18. Answer—Question 3 Continued • Opportunities to improve the preciseness of the definition include: • Adding an exclusion for common components that may unintentionally be controlled because the “peculiarly responsible” criteria and the parts multi-use exclusion do not apply. • (d) Items that are not so separately ‘enumerated’ for purposes of this definition, are also not considered “specially designed” in any category of the CCL if they are: • A “part” or “component” that does not, as a result of “development,” have properties peculiarly responsible for achieving or exceeding the controlled performance levels,characteristics, or functions of the referenced item identified in the CCL or USML; and its function is identical to an EAR99 or AT-only controlled part or component. • Note – A function is considered identical if it is designed for the exact same purpose with no additional performance criteria. An example of identical parts would be two 12V DC battery with slightly different dimensions. Examples of batteries with additional performance criteria would be 12 V DC battery with a requirement to operate in a high temperature environment or a 12 V DC battery that must last twice as long as AT-controlled batteries.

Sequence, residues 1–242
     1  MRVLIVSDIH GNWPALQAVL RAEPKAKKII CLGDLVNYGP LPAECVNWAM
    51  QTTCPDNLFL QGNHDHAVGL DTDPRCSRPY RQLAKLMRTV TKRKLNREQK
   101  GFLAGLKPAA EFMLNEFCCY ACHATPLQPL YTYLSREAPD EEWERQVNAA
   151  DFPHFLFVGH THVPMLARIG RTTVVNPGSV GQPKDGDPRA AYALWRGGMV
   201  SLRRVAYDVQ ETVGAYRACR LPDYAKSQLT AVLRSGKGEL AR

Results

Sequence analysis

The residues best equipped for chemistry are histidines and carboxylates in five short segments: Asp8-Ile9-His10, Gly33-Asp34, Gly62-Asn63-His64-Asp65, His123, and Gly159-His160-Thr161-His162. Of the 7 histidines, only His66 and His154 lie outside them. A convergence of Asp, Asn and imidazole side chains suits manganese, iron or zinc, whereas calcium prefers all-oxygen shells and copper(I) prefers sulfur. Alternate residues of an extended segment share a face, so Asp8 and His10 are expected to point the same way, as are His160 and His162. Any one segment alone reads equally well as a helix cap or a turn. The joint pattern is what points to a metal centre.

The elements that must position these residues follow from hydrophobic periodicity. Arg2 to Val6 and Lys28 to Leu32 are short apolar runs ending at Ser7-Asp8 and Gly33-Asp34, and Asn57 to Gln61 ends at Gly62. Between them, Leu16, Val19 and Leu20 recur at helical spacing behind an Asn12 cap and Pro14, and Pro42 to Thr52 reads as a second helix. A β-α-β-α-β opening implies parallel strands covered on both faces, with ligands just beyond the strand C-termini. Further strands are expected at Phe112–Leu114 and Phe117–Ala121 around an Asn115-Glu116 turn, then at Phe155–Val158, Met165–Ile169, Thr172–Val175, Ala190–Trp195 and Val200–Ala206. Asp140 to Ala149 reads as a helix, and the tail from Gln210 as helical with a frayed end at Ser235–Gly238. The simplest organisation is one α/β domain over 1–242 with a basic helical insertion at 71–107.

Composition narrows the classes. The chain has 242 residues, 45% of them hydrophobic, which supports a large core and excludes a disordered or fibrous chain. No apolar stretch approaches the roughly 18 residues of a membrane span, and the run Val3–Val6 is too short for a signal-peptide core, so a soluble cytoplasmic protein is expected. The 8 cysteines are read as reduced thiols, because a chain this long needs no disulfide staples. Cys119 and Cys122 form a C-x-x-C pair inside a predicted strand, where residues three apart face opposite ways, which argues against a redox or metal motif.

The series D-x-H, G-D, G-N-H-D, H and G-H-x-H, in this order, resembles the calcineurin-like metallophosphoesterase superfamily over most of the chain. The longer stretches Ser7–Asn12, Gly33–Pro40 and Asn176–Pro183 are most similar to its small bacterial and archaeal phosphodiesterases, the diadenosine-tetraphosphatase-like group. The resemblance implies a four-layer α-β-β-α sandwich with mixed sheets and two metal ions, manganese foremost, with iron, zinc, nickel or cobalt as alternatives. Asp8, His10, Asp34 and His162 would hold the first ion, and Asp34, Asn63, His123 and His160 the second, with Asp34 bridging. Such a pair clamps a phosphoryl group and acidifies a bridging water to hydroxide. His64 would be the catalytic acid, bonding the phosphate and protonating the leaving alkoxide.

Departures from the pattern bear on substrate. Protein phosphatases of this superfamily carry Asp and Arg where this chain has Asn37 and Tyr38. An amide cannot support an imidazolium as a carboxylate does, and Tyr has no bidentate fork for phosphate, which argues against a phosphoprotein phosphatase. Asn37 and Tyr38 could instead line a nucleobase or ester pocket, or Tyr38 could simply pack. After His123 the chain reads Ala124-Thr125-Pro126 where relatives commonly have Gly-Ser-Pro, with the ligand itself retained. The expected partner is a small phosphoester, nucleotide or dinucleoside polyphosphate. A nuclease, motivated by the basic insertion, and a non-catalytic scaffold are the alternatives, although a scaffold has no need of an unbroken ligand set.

19. Answer—Question 3 Continued • Opportunities to improve the preciseness of the definition include: • Adding an exclusion for part or component designed with no specific end use in mind. • (d) Items that are not so separately ‘enumerated’ for purposes of this definition, are also not considered “specially designed” in any category of the CCL if they are: • A part or component that can be shown to have been developed for applications other than the enumerated item is not considered to be "specially designed".  • *Evidence of intended use can be demonstrated using advertisements or other marketing material, proposals or sales to customers, and declarations of other uses as part of a patent application.  Direct funding of part or component by programs developing an enumerated controlled item makes the part or component ineligible for this exception.